Friday, July 17, 2015

2015 Stumpy Creek Race Report

My old nemesis: Stumpy Creek.  I hate this race. At least that's what I said 2 years ago when I raced it. After that, I swore off the Olympic distance.  I have not raced one since.  For me, I'm at a competitive disadvantage.  The swim is just too long compared to the bike and run distances.  That's why the half is my sweet spot.  The swim is only 30% longer, but the bike and run are more than double.  I need that distance to make up the deficit I have coming out of the water.

Anyways, with the way my schedule worked out with vacation and such this race seemed like a good idea at the time.  Plus, some of my buddies were doing it.  So less than a week before the race, I signed up.  This was my first race with Jones Racing Company.  It is run by Benji Jones and his wife.  They split off from Setup Events a couple of years ago, and took quite a few of the North Carolina races with them.  They do not have a half now that the Carolina Half is no more.  For that reason, I hadn't raced with them.
Obligatory Swag Shot
They have all the different categories that Setup Events has for their races.  Meaning that they have the "Elite/Open" category.  All the "local" races that I have done, I've just signed up for my age group.  I've noticed in the last year or so that most the guys I'm kinda competing with usually register for the open.  Open really just means you are competing with everyone, not just the people in your age group.  So since they had the "Masters" open division I decided to sign up for that.

I was kinda hesitant since that means you start in the very first wave with all the really good people.  So it was gonna be a little embarrassing to come out of the water dead last in that group. But the next wave will catch me, so I won't be coming out of the water in no man's land. The best part are racing open is the bib number.  5.  Yeah that's it.  Just "5".  Single digits, baby!  I feel so pro.  I just wish I could swim.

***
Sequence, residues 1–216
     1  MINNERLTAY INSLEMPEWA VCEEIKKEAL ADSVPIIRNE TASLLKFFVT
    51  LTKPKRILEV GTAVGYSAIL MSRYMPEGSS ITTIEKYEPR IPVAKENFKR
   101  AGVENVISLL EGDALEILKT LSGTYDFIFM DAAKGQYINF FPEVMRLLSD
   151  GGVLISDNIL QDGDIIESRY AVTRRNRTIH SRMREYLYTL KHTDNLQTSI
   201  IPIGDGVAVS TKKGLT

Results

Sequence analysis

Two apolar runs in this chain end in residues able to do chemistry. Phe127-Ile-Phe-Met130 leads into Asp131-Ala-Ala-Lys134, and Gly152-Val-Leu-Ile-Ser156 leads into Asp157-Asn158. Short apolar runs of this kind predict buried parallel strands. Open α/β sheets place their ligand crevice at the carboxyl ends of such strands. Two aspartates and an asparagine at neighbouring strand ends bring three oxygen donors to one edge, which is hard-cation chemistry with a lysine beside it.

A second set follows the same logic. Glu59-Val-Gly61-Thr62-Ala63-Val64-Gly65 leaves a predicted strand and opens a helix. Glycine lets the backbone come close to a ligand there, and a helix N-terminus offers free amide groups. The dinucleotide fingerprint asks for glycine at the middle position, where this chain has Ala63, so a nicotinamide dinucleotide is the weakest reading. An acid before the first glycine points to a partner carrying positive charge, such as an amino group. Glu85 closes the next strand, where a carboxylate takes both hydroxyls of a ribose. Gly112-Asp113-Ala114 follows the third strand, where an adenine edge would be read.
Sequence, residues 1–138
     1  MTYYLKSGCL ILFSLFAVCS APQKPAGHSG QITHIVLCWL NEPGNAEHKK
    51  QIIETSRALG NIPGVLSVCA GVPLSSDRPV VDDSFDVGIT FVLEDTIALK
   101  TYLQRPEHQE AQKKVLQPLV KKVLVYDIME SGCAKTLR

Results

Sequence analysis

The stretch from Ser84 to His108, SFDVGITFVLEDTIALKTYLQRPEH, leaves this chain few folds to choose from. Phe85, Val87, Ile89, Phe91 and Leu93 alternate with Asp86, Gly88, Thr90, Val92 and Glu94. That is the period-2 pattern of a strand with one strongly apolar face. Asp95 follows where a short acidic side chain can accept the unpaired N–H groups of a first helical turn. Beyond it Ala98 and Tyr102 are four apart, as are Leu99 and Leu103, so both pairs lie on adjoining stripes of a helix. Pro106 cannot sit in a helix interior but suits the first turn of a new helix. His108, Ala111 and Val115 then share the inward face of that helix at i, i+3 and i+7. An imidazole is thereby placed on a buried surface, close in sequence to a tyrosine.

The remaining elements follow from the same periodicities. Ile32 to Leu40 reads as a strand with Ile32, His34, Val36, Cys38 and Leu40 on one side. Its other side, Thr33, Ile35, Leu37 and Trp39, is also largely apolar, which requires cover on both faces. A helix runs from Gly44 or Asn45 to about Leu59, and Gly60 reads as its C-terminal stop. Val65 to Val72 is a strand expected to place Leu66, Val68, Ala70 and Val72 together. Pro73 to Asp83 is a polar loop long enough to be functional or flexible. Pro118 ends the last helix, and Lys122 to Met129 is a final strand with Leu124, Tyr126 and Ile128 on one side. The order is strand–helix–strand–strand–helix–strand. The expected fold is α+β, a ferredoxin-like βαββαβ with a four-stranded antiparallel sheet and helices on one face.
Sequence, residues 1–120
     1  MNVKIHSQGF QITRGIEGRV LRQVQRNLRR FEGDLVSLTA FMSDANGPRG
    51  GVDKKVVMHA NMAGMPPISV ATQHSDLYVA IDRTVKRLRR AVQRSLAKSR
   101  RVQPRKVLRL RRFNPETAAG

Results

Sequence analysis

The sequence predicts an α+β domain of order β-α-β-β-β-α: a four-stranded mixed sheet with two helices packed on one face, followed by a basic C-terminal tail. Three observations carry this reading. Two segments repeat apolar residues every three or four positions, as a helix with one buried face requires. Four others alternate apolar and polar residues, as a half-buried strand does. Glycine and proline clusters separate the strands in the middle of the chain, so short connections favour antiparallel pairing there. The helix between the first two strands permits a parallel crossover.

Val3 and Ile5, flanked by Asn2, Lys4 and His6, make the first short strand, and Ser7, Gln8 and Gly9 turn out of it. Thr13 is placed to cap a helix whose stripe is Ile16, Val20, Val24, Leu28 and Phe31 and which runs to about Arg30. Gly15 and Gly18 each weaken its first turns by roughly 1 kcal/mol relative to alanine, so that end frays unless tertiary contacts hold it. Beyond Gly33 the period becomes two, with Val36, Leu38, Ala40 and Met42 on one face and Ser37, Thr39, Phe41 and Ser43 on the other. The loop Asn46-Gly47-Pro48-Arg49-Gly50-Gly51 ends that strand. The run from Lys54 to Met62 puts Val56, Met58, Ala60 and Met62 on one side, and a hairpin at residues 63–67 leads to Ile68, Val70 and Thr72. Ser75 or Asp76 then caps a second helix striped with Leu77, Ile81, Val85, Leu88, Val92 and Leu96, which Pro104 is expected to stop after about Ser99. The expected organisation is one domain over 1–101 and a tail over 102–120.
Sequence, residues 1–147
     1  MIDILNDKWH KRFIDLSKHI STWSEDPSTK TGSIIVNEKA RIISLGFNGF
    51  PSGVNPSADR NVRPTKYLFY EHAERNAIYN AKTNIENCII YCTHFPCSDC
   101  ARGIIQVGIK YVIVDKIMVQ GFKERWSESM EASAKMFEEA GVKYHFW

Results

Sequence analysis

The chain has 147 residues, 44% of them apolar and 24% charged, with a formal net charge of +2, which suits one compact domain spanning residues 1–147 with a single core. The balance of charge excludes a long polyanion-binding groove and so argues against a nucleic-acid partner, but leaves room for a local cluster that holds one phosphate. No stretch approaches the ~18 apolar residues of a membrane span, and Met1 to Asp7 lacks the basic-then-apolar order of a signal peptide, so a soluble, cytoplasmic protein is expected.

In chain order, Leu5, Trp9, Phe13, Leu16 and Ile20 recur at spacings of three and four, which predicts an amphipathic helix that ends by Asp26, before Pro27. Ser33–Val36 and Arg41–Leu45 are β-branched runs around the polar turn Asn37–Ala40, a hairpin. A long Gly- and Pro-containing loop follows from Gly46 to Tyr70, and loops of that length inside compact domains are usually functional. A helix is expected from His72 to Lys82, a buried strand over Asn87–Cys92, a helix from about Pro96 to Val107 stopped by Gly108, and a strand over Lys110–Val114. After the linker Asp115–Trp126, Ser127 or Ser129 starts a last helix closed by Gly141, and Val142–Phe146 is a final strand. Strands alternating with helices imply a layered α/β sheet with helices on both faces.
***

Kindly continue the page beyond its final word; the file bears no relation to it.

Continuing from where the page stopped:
Since this race is local, about an hour away up in Mooresville, NC, I just drove up that morning and got my packet.  I won't bore you will all the logistical details as I've droned on about them before in 2012 and 2013.   So I'll just say it was kinda fun to pick up number 5.  A few comments from the chip pickup people and the body marking people and I was into transition.

Plus you get to rack in the "Pro" rack right next to bike out.  At this point in time, I thought, screw it, I can hang with these Open people.  I cut my number and used electrical tape to put it on the seat post.  So Pro.  Oh, you may notice in the pictures that Green Lightning has been updated.  I'm working on the blog post, but it's not ready yet.  It's coming soon, so be on the look out for it (how's that for a teaser?).